After working for a home improvement company in Texas at an early age, John Martindale tried to be an electronics tech. He was drawn back into construction, however, and labored for another firm in Texas before the company went out of business amid the oil crisis in the mid-1980s. As a result, he migrated to Baltimore for a job at the small roofing outfit Brothers Services Company.
“I didn’t intend to do it long; I kind of wanted to get away from construction, but I watched all of the opportunity that was here in the Baltimore market at the time,” says Martindale, who joined Brothers Services in 1986, the year after the company started. “I believed that I could make a big difference and talked to the owner about whether he foresaw an opportunity for me to join him in ownership or buy him out—he did, so I joined with him early on and tried to grow the business.”
Martindale eventually bought him out in 1992 and has grown the company to No. 68 on the 2022 Qualified Remodeler Top 500 with $32.9 million in remodeling revenue on 2,280 jobs. Brothers Services now provides full-service home improvement, and Martindale has become co-owner of Certified Contractors Network, a consulting firm that helps remodelers achieve a better business.
“I’m taking a lot of what I’ve learned, and we’re teaching other contractors around the country some of those things,” he explains. “It starts with always knowing your numbers. I saw firsthand the terrible mistakes that can cause [a company] to go under, and it made me a lot careful as a business owner. I developed a strong perspective about always knowing my numbers and cash flow. We’ve worked hard to build up our capitalization and have accurate financial statements.”
Technology has transformed the marketplace and the availability of managed services as well, he notes. “There used to be a far greater advantage that a larger company at scale had than there is now. A person starting a business can hire someone who can do a world-class website and put together an advanced marketing plan without having to have the entire infrastructure. Early on the bigger companies seemed to dominate, and it was hard for people to break in against them.”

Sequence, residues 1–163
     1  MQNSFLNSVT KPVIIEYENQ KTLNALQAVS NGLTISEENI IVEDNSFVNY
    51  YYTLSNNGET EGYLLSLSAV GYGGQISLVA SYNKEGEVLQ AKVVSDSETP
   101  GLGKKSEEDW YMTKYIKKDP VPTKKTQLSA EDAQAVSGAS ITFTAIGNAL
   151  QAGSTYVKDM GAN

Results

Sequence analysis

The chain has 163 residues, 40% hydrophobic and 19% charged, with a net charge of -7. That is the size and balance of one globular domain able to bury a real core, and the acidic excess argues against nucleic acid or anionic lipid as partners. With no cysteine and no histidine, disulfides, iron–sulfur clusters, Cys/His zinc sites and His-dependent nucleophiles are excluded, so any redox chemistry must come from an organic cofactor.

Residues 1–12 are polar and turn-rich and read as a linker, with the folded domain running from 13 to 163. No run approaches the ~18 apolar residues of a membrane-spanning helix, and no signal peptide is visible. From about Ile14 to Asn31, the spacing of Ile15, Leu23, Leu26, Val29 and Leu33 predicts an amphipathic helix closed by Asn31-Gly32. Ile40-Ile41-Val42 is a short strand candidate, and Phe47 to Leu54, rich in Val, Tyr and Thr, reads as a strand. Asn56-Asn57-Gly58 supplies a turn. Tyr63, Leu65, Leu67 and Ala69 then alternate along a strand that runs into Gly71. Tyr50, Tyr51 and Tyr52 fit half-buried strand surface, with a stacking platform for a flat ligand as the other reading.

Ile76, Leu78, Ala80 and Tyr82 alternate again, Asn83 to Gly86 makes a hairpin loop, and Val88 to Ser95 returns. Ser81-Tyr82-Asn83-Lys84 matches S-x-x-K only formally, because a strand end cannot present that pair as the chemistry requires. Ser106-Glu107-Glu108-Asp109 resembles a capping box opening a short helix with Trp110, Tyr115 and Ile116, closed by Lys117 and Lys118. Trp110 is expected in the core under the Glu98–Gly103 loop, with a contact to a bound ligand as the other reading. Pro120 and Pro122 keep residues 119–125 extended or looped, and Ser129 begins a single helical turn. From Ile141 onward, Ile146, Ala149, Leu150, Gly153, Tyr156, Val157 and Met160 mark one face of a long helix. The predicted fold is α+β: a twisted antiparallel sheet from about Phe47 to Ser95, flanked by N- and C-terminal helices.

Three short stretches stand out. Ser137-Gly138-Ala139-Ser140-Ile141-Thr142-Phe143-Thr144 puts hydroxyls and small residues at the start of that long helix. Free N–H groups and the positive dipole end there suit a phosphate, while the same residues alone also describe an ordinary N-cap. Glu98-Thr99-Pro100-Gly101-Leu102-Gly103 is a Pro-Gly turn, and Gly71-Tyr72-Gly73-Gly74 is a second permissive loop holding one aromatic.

Like many other remodelers, Brother Services experienced a drop in business during the initial phase of the COVID-19 pandemic. Afterwards the company benefited from strong demand for home improvement, but this summer Martindale noticed a softening in the market. Fortunately, the firm remains ahead of plans with its sales and backlog and has not been affected much yet.
“It’s an election year, and all the inflation that people are dealing with has [caused] the market declines. All those things have shaken people’s confidence a bit,” he says. “That [being] said, they’re sitting on a lot of equity in their homes because real estate has gone up so much over the past few years. Money is still available for financing in terms that aren’t historically bad at all. We’re still seeing quite a few people invest in their homes, and we don’t anticipate [the decline] being something that’s anything other than a mild regression from where [the market] had been.”
Brothers Services forecasted just under $34 million in remodeling gross sales for 2022, although the company likely will end up between $36 million and $37 million, Martindale notes. “I don’t think there’s an underlying or structural major issue for remodeling. While there might be some recessionary times or things where gross slows down, people won’t change in their need to take care of their home because if you ignore those projects, they can get worse and not just delayed.”
Exterior replacements represent the bulk of work for the firm, which also offers interior remodels such as kitchens and bathrooms. “If the roof wears out, or the windows are leaking, and there’s a problem, you need to address it; but oftentimes the interior remodeling is more of a livability and just a want, so we’ve seen more pressure on the kitchen and bath sales side than on the exterior.”
Higher inflation has increased construction costs by more than 20 percent above the actual price of materials and lengthened project timelines, he adds. “We have the largest backlog we’ve ever had, and that’s partly because of just being able to get the materials in a time that we can replace them. The other side to it, though, is that there’s a pressure on labor. We have probably 20 job openings that we don’t have filled where we’re just can’t find the qualified people to fill them.”
Any significant economic slowdown would first affect companies who are not well-capitalized, Martindale says. “A slowdown would take them out quickly, which largely is an opportunity for us because when we have competitors that get washed out in tighter times, it’s an opportunity for us to pick up talent and be able to make ourselves better within the process for us as a company.” QR